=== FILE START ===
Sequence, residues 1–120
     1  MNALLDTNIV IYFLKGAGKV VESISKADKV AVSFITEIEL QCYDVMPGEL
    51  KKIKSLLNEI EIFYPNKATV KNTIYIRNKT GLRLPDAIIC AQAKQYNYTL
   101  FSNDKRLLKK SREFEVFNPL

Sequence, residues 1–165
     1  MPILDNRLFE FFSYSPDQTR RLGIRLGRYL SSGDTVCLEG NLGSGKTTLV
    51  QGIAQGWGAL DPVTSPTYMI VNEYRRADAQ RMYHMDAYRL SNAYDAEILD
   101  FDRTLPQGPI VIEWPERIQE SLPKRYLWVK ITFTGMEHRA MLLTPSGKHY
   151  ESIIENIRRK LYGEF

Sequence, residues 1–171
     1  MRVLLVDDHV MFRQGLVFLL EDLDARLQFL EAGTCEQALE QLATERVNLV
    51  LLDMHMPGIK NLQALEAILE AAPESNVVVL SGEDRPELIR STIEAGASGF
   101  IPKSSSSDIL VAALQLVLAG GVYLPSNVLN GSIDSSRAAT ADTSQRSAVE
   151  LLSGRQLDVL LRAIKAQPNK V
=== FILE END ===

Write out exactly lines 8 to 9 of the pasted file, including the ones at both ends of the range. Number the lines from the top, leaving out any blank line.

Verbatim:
   101  FDRTLPQGPI VIEWPERIQE SLPKRYLWVK ITFTGMEHRA MLLTPSGKHY
   151  ESIIENIRRK LYGEF